The Florida Legislature is considering a specialty plate with a design that includes a Christian cross, a stained-glass window and the words “I Believe.”

Rep. Edward Bullard, the plate’s sponsor, said people who “believe in their college or university” or “believe in their football team” already have license plates they can buy. The new design is a chance for others to put a tag on their cars with “something they believe in,” he said.

If the plate is approved, Florida would become the first state to have a license plate featuring a religious symbol that’s not part of a college logo. Approval would almost certainly face a court challenge.

The problem with the state manufacturing the plate is that it “sends a message that Florida is essentially a Christian state” and, second, gives the “appearance that the state is endorsing a particular religious preference,” said Howard Simon, executive director of the American Civil Liberties Union of Florida.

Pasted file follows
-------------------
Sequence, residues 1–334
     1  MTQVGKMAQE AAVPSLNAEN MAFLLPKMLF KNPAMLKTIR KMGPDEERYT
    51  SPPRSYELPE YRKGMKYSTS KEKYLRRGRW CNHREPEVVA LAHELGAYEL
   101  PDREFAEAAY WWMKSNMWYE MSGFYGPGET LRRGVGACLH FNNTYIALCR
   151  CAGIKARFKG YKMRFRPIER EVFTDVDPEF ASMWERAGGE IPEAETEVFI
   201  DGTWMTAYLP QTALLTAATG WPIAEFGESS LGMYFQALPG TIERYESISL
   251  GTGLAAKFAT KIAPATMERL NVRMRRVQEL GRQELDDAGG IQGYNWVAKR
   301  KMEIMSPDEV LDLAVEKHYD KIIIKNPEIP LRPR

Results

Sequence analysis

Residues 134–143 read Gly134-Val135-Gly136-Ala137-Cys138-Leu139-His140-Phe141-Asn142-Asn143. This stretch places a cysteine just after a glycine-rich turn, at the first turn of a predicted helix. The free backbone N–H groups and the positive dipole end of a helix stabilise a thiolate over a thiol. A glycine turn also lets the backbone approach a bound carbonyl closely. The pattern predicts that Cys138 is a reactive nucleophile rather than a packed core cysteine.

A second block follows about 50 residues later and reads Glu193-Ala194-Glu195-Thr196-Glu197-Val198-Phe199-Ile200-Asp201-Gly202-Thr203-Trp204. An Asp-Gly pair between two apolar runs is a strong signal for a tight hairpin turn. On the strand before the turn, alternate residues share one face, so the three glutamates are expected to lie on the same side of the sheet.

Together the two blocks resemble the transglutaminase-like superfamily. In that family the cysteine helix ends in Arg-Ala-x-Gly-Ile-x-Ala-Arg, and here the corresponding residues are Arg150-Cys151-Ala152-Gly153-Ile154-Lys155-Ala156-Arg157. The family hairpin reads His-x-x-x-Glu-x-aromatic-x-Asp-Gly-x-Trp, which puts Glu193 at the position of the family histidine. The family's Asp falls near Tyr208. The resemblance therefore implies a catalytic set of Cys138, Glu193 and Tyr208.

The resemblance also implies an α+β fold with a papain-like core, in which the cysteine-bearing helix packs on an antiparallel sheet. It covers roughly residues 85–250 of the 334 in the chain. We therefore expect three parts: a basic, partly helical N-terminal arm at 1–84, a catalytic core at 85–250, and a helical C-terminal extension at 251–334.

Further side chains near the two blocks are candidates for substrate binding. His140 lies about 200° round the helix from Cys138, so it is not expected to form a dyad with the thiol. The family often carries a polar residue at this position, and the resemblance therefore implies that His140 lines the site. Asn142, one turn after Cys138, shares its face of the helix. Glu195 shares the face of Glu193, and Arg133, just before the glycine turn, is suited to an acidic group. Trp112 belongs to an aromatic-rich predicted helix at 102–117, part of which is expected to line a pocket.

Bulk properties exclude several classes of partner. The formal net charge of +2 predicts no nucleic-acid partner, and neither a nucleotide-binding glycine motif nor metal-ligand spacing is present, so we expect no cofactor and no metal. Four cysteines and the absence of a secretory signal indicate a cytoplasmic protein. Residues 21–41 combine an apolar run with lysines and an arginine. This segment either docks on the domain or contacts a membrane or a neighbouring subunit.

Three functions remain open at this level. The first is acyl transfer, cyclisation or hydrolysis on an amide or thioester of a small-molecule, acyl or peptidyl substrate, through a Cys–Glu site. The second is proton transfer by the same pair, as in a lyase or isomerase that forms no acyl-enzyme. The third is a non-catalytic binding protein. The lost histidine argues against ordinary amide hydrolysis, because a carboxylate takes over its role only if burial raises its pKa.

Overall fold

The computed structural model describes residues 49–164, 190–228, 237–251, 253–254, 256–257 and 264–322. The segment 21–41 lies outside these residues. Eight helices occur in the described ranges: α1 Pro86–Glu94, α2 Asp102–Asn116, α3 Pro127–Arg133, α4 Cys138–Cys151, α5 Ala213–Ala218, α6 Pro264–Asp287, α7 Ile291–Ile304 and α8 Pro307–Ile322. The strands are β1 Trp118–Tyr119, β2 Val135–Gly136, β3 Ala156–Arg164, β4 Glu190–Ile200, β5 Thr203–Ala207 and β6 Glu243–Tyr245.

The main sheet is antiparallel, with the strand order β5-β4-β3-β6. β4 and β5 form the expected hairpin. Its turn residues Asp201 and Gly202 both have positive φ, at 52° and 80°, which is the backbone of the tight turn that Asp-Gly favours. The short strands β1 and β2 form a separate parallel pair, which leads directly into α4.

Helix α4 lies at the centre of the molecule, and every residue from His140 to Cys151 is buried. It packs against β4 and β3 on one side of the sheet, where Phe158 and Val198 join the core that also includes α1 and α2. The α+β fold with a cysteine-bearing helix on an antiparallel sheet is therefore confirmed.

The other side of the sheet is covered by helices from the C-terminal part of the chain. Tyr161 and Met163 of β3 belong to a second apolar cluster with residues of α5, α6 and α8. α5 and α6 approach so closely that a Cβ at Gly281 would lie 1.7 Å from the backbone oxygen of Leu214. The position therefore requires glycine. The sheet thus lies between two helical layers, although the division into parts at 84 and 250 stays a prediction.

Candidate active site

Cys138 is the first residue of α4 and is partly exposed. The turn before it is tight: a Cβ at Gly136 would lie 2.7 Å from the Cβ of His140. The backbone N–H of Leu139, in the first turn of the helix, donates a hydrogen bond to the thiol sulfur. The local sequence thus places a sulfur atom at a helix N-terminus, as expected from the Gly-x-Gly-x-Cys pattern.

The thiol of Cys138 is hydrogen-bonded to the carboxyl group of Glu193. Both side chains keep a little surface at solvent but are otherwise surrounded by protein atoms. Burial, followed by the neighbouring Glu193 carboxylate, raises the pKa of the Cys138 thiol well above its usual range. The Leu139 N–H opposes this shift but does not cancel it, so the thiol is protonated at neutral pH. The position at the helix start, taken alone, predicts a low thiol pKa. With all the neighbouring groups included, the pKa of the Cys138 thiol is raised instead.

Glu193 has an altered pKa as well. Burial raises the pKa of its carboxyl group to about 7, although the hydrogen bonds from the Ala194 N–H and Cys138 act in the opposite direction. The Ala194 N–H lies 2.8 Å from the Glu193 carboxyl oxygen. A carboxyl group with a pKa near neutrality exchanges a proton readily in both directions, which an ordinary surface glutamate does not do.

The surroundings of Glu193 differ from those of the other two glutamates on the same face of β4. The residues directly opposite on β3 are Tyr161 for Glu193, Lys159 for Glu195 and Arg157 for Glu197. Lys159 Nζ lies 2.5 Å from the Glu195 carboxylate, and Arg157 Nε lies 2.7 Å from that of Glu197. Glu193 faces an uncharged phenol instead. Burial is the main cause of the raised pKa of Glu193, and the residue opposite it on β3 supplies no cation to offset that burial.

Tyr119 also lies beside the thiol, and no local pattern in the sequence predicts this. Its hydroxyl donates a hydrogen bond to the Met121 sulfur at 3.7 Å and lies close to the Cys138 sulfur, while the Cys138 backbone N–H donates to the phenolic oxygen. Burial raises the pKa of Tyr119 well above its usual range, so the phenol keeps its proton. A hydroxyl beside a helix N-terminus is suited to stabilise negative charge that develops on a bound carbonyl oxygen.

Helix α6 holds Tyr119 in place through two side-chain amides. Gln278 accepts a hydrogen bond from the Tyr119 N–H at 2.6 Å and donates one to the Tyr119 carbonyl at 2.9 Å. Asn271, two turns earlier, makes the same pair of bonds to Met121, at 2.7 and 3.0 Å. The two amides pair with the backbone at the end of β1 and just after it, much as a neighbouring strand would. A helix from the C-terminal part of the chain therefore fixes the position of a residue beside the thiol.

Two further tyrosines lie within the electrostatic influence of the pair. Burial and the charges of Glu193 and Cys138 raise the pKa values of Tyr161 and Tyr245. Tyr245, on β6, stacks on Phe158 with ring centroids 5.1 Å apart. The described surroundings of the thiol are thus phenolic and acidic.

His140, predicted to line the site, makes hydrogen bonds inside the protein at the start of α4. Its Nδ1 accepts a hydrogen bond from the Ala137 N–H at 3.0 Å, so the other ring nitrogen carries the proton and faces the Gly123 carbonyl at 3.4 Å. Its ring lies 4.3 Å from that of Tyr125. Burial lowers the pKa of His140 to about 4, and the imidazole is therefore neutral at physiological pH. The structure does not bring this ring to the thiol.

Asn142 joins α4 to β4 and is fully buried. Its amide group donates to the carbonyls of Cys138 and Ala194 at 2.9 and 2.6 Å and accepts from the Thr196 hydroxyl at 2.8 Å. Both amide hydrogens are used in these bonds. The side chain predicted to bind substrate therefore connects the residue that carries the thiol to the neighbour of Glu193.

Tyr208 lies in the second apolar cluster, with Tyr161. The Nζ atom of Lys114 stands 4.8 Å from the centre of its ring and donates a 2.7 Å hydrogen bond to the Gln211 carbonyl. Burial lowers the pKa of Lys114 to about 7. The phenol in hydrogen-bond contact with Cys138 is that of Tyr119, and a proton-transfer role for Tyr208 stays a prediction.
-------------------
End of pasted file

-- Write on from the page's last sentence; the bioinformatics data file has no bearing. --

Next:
The “I Believe” license plate still has a way to go before it reaches the roads. The proposal is part of a package of license plates being debated in the Senate and ready for a floor vote. In the House, the bill that would authorize the plate has passed one committee 8-2. The Legislature’s annual session ends May 2.

Some lawmakers say the state should be careful. Rep. Kelly Skidmore said she is a Roman Catholic and goes to Mass on Sundays, but she believes the “I Believe” plate is inappropriate for the government to produce.

“It’s not a road I want to go down. I don’t want to see the Star of David next. I don’t want to see a Torah next. None of that stuff is appropriate to me,” said Skidmore, a Democrat who voted against the plate in committee. “I just believe that.”

Florida’s specialty license plates require the payment of additional fees, some of which go to causes the plates endorse.